In FIG. 7, there is shown a schematic circuit diagram of the overcurrent sensor circuit 60 (FIG. 3) having a current sensing network 202, a reference network 204 and a comparator circuit 206 The sensing network 202 senses the motor current and the reference network 204 provides part of the reference with both values being compared in the comparator circuit 206 to provide an output signal disabling the average flow rate control circuit 32 (FIG. 3 and FIG. 4) when the motor current is too high indicating a jammed condition of the pump or the like.

To sense the current through the pump, the current sensing network 202 includes three 0.1 ohm resistors 210, 212, and 214 respectively connected in parallel between a conductor 216 and a conductor 218. Conductor 216 is electrically connected to conductor 118 to receive motor current and conductor 218 is electrically connected to the electrical common so that the current flow through the motor on conductor 118 causes a voltage drop in the sensing network 202, which voltage drop occurs between conductors 216 and 218.

To provide a reference potential, the reference network 204 is electrically connected: (1) through 86.6 K resistor 240 to 4.7 K resistor 234 and thence to the source of a positive 8 volts; (2) to conductors 216 and 218; and (3) to the comparator circuit 206 through conductors 220 and 222. Conductor 216 is electrically connected through a conductor 200 to the anode of the Zener diode 114 (FIG. 4) of the flow rate control circuit 32 (FIGS. 2, 3 and 4) to receive current therethrough and to conductor 220 through a 1 K resistor 224. Conductor 218 is electrically connected to conductor 222 through a 4.75 K resistor 226 and to a source 112 of a negative 8 volts potential through a 309 K resistor 228.

With this arrangement, conductor 222 is maintained at a potential above the electrical common by the sources of potential 138 and resistors 234 and 240.

To compare the potential on conductors 220 and 222 for the purpose of indicating an overcurrent, the comparator circuit 206 includes the comparator 230 which is manufactured and sold by National Semiconductor Corporation (2900 Semiconductor Drive, Santa Clara, Calif. 95051) type 311 having its inverting input terminal at pin 3 electrically connected to conductor 220 and its noninverting input terminal at pin 2 electrically connected to conductor 222 to provide a comparison of the voltages therein.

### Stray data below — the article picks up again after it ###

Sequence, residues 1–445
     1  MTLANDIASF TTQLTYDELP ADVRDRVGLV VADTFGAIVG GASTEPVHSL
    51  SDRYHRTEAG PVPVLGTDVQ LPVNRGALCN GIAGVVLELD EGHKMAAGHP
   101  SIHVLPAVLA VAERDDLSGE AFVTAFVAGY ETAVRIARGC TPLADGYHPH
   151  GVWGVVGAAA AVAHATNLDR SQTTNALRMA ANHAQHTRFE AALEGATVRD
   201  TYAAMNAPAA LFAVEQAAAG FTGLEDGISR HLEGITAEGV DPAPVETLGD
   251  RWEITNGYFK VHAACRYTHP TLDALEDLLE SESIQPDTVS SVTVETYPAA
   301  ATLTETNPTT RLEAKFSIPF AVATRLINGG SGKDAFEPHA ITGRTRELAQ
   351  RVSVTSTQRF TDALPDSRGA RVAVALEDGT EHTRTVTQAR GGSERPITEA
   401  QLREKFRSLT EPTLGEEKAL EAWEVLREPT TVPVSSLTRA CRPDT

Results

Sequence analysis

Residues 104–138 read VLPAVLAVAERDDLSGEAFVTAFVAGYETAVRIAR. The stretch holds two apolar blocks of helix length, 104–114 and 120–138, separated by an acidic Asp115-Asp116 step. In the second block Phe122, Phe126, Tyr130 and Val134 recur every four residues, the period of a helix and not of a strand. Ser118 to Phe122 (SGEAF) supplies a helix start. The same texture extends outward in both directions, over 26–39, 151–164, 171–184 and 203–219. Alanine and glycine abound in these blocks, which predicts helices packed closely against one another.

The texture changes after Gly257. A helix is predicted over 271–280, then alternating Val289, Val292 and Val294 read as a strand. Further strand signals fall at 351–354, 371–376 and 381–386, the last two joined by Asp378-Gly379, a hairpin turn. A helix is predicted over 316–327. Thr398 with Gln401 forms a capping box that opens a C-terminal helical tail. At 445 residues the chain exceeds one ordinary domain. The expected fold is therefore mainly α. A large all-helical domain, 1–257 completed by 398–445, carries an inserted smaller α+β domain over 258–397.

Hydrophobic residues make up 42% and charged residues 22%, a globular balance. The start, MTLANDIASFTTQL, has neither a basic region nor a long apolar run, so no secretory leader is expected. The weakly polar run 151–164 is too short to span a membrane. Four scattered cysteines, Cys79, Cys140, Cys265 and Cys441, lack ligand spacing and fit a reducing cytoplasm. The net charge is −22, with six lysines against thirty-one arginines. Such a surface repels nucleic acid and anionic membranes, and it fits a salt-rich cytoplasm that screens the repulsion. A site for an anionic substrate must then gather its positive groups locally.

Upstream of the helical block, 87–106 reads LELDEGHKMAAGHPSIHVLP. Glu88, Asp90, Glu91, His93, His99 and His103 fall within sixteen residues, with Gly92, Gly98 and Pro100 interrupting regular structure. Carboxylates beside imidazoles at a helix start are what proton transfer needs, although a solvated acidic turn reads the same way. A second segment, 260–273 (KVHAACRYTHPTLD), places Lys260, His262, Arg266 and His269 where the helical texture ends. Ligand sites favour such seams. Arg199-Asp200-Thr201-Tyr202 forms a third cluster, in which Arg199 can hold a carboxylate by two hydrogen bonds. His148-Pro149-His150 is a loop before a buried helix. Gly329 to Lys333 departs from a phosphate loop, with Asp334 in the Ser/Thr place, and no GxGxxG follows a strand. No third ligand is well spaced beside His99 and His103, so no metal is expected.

During an overcurrent, the output at pin 7 of the comparator goes from 8 to common potential. The removes positive potential from resistor 240 and negative potential from sources 112 through resistor 278 causes the comparator to latch up and disable the motor drive circuit.

At the end of the pulse cycle, a reset pulse on pin 6 at 296 resets the comparator from a clock in the second positive feedback and compensation circuit 44 to enable the comparator and motor drive circuit 32.

The output of the comparator 230 at pin 7 is electrically connected to: (1) the source 138 through the resistor 234, (2) a conductor 84 through 680 ohm resistor 239; (3) the reverse resistance of the 8.2 IN5237 volt Zener diode 237 and the foreward resistance of diode 238; and (4) conductor 222 through a 86.6 K resistor 240. The conductor 84 (FIG. 4) is electrically connected to the pulse-width-modulator 86 (FIG. 4) so that conductor 84 provides signals to disable the flow rate circuit 32 (FIGS. 2, 3 and 4) by de-energizing the comparator 86 upon a current overload condition.

In FIG. 8, there is shown a schematic circuit diagram of the tachometer disc and sensor system 58 (FIG. 3) having a first and a second optical sensor 250 and 252 respectively, rotatable disc 254 and first and second 270 ohm resistors 258 and 260 respectively. The first and second optical sensors sense indicia indicating the rotation of the pump on disc 254 which is mounted to the output shaft of the pump motor. The optical sensors 250 and 252 are located in quadrature with respect to the indicia so as to indicate the amount of rotation of the motor and its direction in a manner in the art.